I’ve been pretty busy the last several days making and tubing a set of watercolors for myself. I had gotten 12 tubes from Daniel Smith recently and I wanted to make one paint for each of them.
I can’t guarantee perfect color accuracy from my scanner, but here’s the swatches for each paint I made. I really like the way Pozzuoli Red and Nicosia Green Earth look next to each other. The Shungite Black Ochre was different from the rest. When I was mixing it with the gum arabic I noticed patches of a slightly oily sheen on top of the liquid. I know that a pigment like lamp black is naturally oily, so maybe this one is too? I really like the paint it made though and I’m planning on making a painting with just this and maybe some of the titanium white.
Here are some things I would recommend for making your own watercolor paints-
• A basic recipe includes gum arabic, honey, and glycerin. It may take some experimenting to find a good balance of ingredients and to know how much pigment to use. Different pigments seem to require more liquid to avoid being thick and pasty, while others may become very thin and watery with the same amount of liquid added. I’m still experimenting to find a good balance, but most of these paints here I made with about 1 part gum arabic to 2 parts pigment, by volume, and a few drops of honey and glycerin.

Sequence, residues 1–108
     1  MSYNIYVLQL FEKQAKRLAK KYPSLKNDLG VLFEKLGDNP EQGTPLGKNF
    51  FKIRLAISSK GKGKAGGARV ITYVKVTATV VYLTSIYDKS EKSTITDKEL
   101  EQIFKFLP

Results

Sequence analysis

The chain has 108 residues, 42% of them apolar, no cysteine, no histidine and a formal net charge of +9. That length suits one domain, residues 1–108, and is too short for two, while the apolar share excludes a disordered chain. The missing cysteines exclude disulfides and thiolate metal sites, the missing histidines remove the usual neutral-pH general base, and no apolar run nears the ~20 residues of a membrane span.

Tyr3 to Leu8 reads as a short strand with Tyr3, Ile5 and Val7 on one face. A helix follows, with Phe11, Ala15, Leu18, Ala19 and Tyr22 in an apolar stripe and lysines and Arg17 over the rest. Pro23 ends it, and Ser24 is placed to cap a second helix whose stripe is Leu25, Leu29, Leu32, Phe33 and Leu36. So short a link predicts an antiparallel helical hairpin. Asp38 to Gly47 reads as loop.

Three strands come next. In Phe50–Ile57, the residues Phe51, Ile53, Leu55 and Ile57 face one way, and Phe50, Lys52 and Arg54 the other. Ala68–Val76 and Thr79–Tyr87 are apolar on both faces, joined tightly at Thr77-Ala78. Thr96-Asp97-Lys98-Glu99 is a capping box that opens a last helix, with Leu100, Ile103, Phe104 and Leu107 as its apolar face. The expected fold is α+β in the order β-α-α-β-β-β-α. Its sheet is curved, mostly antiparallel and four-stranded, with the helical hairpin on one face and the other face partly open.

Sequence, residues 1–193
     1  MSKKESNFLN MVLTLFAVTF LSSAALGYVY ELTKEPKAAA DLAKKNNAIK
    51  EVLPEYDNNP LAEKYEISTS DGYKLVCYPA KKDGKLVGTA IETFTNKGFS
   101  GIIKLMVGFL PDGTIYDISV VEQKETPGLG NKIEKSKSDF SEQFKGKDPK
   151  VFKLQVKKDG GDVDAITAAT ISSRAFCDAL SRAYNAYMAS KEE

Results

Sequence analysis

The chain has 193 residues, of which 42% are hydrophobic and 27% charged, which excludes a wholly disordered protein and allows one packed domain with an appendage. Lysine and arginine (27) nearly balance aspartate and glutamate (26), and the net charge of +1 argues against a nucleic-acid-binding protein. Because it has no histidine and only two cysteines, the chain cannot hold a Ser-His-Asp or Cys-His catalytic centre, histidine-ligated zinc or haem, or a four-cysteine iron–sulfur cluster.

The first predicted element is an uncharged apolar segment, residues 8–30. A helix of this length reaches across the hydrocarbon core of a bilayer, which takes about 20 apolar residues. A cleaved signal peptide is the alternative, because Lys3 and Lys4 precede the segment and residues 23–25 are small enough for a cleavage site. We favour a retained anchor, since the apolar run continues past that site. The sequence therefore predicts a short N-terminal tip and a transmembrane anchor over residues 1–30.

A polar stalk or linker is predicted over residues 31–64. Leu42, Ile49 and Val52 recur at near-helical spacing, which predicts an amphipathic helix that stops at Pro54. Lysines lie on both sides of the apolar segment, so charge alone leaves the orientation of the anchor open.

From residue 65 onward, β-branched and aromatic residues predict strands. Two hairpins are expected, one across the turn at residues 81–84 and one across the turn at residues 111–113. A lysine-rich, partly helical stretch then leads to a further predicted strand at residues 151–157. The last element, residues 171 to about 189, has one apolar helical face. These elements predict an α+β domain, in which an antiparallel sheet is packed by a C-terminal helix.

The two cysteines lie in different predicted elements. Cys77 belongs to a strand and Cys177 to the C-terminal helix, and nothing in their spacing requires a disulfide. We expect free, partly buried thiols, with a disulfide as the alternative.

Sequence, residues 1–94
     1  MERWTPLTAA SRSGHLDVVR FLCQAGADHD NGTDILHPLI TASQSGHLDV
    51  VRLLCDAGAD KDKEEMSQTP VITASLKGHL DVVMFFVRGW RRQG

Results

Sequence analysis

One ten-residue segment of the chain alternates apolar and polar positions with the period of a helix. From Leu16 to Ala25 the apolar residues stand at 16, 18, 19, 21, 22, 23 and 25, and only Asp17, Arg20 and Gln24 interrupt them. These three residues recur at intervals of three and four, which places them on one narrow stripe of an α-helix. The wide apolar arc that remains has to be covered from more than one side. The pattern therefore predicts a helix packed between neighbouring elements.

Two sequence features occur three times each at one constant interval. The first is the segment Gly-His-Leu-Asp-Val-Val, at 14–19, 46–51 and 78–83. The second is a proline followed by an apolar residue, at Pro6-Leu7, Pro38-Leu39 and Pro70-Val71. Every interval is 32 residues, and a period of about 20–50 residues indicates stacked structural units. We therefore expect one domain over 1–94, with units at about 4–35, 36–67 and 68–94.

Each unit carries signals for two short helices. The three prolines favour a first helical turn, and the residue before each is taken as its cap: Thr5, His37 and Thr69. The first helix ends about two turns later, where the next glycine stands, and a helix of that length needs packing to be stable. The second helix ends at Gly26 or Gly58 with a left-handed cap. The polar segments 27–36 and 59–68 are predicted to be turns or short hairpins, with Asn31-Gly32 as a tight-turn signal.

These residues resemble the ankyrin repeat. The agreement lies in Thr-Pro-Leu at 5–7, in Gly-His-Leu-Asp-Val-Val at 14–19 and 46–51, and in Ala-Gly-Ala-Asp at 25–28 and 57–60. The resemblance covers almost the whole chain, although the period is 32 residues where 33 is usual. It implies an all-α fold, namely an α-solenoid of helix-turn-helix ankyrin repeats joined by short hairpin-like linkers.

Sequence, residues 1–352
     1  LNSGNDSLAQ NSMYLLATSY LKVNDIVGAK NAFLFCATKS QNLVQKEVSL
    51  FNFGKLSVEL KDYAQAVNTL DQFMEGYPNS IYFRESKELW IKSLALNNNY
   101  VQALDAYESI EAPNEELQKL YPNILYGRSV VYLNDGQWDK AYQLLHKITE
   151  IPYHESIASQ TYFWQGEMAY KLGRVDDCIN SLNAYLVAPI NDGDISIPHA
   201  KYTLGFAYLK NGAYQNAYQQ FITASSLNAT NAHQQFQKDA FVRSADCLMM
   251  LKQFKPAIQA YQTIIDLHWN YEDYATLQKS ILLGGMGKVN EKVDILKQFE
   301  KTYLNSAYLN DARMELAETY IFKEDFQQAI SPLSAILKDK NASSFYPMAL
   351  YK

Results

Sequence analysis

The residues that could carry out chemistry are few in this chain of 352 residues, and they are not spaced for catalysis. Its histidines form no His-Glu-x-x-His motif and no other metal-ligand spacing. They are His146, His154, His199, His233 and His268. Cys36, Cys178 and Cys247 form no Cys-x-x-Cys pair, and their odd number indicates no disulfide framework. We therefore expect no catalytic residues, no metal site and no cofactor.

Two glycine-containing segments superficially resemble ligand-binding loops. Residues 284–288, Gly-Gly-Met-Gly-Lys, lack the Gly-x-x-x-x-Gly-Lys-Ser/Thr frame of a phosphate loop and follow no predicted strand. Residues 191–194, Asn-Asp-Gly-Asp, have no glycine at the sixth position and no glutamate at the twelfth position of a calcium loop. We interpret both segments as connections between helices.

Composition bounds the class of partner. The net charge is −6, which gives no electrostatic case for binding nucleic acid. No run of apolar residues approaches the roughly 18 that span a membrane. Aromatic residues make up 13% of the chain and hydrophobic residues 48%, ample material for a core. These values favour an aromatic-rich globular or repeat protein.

• Start with a few inexpensive pigments, such as burnt sienna, so you can practice without worrying about the cost if the paint doesn’t work out well on the first few tries.
• Making your own gum arabic from a powder and some warm water costs less and is very easy to do. I mixed 1 part powder to 2 parts water by volume and got good results. Just let it sit in a jar for a while until it’s fully disolved.
• There are alternatives to gum arabic, such as dextrin, that may be cheaper and produce different results. I haven’t used it yet, but dextrin is supposed to make a thicker watercolor paint than gum arabic. I’ve also tried using peach tree sap and have gotten good results with that too. One of the best parts of making your own paint is that you can produce results that handle differently from what standard commercially made paint offers, so feel free to try different things.
• Mulling/grinding pigment with a glass muller on a glass plate is important for fully coating each pigment particle in vehicle, which in this case is the gum arabic/honey/glycerin mixture, as well as breaking down large conglomerates of pigment particles. Some pigments require more mulling than others.
• Until you gain more experience and confidence, avoid using toxic pigments. Most of the paints I made here are non-toxic, but even they would be bad to breathe in the fine dust of the dry pigment. Toxic pigments can pose a serious health risk in their dry form before being made into paint if they are breathed in. Wearing a dust mask would be a good idea when handling dry pigments.
Some advice for buying pigments-
• Buying a larger amount of a pigment at once will mean a better price per gram, but it’s probably not necessary to purchase a huge amount of a pigment unless you know you’ll be using a lot of it. The two large jars in the first photo above contain one pound (453g) each of ultramarine (left) and mars yellow (right) from Blue Ridge that came in bags. I got them for an extremely good price, $14 for blue and $8 for yellow, but that might be more of those pigments than I’ll ever use in my life. Next time I think I’ll get half pound bags.